METRO ATLANTA, Ga. — Small businesses have been rushing to get a share of more than $600 billion in relief loans made available through the Small Business Administration.
The first round of SBA’s Paycheck Protection Program loans, issued in mid-April, totaled some $350 billion and were gone in less than two weeks. A second round for $310 billion was made available April 27, and half the money had been awarded within the first week.
David Oliver, senior vice president with the Georgia Bankers Association, reported that over the past month, virtually all the state’s banks — about 200 in all — participated in distributing $14.1 billion in the government loans.
“We had more than 113,000 Georgia small businesses approved for those loans over a relatively short period of time,” Oliver said. “It’s going to help them cover their payroll costs, help them cover their rent and utilities, help them weather this public health crisis.”
The special Paycheck Protection Program loans were created to allow small businesses to get their footing after the devastating shutdowns created by the coronavirus pandemic. SBA will forgive loans if all employees are kept on the payroll for eight weeks and the money is used for payroll, rent, mortgage interest or utilities.
The president of the Small Business Administration reported last week that the agency processed more loans in less than 14 days than it had in 14 years.
Local bank stays busy
The rush was on locally, as well.
Brad Serff, president and CEO of Providence Bank in Alpharetta, said banks are not immune to the pandemic. He’s had to close the lobby to protect his staff and customers. He also rotates employees so half are in one week, while the others work from home. Customers are serviced either by phone, the drive-thru or online.
“So, you’re running a bank with about half the staff, and you’re still trying to do all the things for your client that you’ve always done,” Serff said. “For our bank, we’re looking to do a year’s worth of lending in a month’s time.”
Much of Serf’s attention lately has focused on getting small businesses help through the loan program.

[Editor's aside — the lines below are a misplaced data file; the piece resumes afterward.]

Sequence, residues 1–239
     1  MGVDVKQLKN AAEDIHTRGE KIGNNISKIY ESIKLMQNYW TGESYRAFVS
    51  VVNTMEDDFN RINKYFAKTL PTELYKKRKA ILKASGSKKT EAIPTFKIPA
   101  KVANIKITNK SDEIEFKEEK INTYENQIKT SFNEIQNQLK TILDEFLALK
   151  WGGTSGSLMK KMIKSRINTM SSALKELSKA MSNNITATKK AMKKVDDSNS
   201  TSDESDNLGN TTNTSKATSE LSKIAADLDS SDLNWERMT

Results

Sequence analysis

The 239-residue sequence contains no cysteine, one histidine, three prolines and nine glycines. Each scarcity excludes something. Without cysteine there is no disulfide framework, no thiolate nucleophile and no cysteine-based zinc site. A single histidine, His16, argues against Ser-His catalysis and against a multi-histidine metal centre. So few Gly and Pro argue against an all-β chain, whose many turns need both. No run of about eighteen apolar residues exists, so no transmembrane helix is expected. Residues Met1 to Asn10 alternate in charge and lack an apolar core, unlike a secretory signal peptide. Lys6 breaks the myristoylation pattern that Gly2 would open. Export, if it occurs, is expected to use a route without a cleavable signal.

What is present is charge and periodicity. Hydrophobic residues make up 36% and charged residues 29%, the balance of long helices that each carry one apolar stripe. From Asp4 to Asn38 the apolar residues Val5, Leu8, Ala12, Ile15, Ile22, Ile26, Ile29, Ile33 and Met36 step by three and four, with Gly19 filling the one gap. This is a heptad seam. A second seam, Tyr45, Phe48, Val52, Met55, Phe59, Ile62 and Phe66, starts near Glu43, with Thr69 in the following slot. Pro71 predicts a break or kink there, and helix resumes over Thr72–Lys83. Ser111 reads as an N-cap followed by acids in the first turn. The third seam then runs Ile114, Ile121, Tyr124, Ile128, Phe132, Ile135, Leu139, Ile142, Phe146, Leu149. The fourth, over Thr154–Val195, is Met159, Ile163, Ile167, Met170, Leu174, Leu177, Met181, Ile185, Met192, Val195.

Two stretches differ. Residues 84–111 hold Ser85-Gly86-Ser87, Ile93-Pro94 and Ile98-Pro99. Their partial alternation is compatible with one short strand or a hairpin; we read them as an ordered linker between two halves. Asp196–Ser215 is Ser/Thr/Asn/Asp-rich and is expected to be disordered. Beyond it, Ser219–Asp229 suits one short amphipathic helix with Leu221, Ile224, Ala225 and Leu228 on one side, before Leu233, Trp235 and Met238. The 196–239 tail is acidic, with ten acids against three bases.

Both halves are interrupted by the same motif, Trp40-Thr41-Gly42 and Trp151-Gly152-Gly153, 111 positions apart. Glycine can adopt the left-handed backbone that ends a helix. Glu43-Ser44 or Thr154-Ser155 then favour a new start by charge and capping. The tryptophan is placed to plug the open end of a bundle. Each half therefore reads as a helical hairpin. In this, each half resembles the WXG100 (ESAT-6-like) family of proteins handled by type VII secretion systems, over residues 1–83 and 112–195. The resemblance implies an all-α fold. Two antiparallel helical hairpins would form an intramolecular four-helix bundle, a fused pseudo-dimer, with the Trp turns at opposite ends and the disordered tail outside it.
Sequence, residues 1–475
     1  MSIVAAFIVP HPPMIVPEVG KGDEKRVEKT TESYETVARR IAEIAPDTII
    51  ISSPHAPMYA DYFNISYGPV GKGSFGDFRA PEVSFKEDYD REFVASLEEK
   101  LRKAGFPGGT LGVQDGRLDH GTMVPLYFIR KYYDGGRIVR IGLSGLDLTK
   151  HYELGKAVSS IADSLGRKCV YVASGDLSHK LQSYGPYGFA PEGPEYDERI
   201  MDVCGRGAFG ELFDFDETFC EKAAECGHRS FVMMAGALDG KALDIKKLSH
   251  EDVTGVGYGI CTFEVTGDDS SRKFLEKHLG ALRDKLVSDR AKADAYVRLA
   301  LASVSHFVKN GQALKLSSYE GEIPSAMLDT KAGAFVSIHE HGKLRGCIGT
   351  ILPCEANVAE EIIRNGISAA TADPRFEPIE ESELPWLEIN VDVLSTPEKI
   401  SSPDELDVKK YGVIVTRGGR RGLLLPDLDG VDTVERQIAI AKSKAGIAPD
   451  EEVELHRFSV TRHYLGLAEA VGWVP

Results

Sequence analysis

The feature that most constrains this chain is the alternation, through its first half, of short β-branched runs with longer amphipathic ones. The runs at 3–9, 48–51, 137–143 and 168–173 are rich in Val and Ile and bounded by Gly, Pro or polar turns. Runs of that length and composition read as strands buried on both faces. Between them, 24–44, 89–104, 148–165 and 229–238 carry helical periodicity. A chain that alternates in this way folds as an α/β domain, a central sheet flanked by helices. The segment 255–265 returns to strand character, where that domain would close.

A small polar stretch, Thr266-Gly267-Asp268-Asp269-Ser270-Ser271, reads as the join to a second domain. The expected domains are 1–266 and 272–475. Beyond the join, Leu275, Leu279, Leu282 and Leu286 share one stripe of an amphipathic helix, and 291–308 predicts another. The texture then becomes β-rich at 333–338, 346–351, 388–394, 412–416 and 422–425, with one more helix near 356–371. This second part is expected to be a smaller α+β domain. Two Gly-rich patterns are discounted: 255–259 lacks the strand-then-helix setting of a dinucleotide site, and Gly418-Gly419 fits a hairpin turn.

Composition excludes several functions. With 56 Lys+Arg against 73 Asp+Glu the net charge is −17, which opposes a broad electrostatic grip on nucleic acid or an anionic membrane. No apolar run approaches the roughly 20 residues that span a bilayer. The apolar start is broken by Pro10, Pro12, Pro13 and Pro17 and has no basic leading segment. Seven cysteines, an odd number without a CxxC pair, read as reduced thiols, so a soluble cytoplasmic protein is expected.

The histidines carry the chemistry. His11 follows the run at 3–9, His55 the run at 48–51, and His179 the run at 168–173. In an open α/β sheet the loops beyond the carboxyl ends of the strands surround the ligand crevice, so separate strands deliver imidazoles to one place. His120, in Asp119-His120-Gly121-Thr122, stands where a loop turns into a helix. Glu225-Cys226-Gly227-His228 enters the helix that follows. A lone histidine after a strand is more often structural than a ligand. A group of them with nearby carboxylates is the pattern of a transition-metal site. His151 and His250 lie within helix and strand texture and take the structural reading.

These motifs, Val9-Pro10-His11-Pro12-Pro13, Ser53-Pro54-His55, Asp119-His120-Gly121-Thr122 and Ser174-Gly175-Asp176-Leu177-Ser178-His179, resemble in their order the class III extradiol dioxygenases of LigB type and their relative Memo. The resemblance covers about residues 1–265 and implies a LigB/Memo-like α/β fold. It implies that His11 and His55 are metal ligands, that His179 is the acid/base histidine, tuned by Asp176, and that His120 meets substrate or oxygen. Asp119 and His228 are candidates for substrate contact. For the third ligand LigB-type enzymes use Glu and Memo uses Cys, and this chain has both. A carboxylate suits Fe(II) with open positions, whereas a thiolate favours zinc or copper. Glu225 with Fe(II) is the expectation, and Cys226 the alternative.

“Businesses aren’t designed to have zero revenues or limited revenues for any extended period of time,” he said. “The loan program was put into place with the idea employers would continue to pay their employees and not furlough them or lay them off. This is basically an eight-week incentive to keep employees employed.”
Serff said payroll accounts for somewhere around 30 to 40 percent of most business’s expenses. The loans will give these businesses a little breathing room to meet their other expenses, he said.
There is no way to know whether the two waves of SBA loans will be enough, Serf said, but he is hopeful.
“I think it depends on how the reopening of our state goes,” he said. “The ones that applied, eight weeks forward should give them enough buffer to be back up and running as normal. If this thing spikes and we have to go back to a stay at home order or we can’t open up different industries or there are more strains put on our business economy, then it might not be enough.”
Loan program relieves pressure
One business breathing a little easier now is Axios Research in Alpharetta.
President and founder David Holcomb said, at first, he didn’t know whether to apply for the SBA loan, but he’s glad he did.
“For us, the money is simply used for payroll,” he said. “Also, we will use it for insurance, I cover 100 percent insurance for my employees. That’s not cheap.”
Holcomb launched the title search and services company in 1997, so he’s seen a few rough spots. He has nine employees on the payroll.
At the outset of the Great Recession in 2009, Holcomb said he made payroll by shorting his 401(k).
“This time I didn’t have to do that,” he said. “That’s what some business owners do, because those who work for us, they’re as important as family.”
Axios has been open every day, performing most of its work, albeit in a modified form and with limited exposure to clients.
The PPP will enable Holcomb to provide his employees some sense of security. These are not easy times for anyone, Holcomb said, and small businesses need support.
“Our business, we’re down in the financial gutter with everybody else,” he said. “We’re down 35 percent this month, from April of last year. So, it’s real. There is a real need for something like this, because I don’t have a 35 percent profit margin.”
Inspired by the necessity of the loan program, Holcomb reached out to U.S. Rep. Lucy McBath’s office, not once, but twice.
“I told them this is as important as it gets, because if small business goes under, the millions of people who file unemployment will be amazing to people. They will have no clue how many people [small business] employs.”
Holcomb weathered the first part of the storm meeting payroll for three weeks before the loan came through.
“I never, ever expected to get a dime,” he said. “Providence [Bank] did an amazing job.”
Holcomb said he’s hopeful the loans, along with a recovery, will be enough.
“I’m sure there are a lot of small businesses that are in worse shape than we are, those who couldn’t make their first payroll, and, by the second payroll, they couldn’t pay their mortgage,” he said. “There are a lot of people like that.”